Pax Californica

America has at times oriented itself to the East, at others to the West. But what we have always had is a sense of our manifest destiny. And now the ideals of California—nihilism with a suntan—seem to be our primary ideological export.

Issue: May-June 2010

Bruce Cumings, Dominion from Sea to Sea: Pacific Ascendancy and American Power (New Haven, CT: Yale University Press, 2009), 672 pp., $38.00.

 

[amazon 0300111886 full] TWO BOOKS for the price of one: that's what readers get with Dominion from Sea to Sea. Had he chosen to publish them separately, Bruce Cumings might properly have called the first Facing West: The Once and Future Orientation of American Statecraft; the second, Dreams Fulfilled: The Pacific Coast and the Making of the American Century.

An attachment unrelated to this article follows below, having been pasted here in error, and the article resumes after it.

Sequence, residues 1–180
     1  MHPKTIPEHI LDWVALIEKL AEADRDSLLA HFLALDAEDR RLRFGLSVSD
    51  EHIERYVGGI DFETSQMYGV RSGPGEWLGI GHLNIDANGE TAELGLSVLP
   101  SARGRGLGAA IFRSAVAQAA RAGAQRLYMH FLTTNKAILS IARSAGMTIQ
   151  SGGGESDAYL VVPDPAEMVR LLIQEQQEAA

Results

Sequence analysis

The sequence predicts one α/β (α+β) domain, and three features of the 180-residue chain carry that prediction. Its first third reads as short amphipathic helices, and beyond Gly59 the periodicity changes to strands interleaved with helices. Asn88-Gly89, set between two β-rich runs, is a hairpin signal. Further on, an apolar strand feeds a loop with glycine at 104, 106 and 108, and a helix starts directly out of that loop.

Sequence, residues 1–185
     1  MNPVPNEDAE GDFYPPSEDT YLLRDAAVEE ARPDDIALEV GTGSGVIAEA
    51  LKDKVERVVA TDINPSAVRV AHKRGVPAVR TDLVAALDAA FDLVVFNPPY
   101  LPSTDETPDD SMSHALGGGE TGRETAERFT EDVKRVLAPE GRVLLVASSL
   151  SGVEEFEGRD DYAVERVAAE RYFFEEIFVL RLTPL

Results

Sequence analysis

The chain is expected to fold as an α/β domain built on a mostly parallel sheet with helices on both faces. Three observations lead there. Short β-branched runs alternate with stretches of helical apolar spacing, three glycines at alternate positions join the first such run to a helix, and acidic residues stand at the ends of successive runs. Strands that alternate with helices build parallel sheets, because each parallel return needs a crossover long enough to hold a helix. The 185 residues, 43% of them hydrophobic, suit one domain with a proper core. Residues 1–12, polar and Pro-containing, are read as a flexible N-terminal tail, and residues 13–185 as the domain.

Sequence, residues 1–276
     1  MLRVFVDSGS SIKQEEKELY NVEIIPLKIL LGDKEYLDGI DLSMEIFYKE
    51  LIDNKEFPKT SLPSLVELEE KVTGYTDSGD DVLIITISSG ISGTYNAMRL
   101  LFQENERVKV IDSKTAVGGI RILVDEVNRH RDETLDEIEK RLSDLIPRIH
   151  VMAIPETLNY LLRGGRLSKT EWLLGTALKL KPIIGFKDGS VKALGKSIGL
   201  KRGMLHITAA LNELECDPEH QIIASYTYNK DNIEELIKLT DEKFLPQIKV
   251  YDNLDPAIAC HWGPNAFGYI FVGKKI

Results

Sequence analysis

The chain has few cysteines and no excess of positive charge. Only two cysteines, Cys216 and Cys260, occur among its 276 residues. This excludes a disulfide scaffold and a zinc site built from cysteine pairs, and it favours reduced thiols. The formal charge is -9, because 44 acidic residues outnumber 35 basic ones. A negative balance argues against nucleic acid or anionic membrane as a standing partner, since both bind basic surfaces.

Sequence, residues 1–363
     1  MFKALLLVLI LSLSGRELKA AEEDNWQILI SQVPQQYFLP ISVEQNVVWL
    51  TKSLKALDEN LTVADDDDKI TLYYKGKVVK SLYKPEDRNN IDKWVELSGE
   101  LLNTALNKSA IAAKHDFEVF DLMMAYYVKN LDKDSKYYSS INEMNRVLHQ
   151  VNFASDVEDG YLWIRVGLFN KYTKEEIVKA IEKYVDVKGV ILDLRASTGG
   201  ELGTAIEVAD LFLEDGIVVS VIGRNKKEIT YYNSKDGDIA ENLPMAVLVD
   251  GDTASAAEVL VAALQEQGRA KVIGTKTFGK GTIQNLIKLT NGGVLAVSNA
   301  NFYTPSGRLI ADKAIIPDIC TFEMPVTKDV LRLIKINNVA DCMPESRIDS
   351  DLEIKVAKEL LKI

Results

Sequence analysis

Differing in focus, the two books also differ in tone. The first is skeptical, acerbic and biting, if also at times mordantly funny. The second is lush and lyrical. In the first, Cumings, a specialist in East Asia who teaches at the University of Chicago, maintains a critical distance from his subject. In the second, he abandons any pretense of doing so: he loves, cherishes and is rapturously devoted to the Pacific Coast, especially to California, and makes no effort to conceal the depth of his passion.

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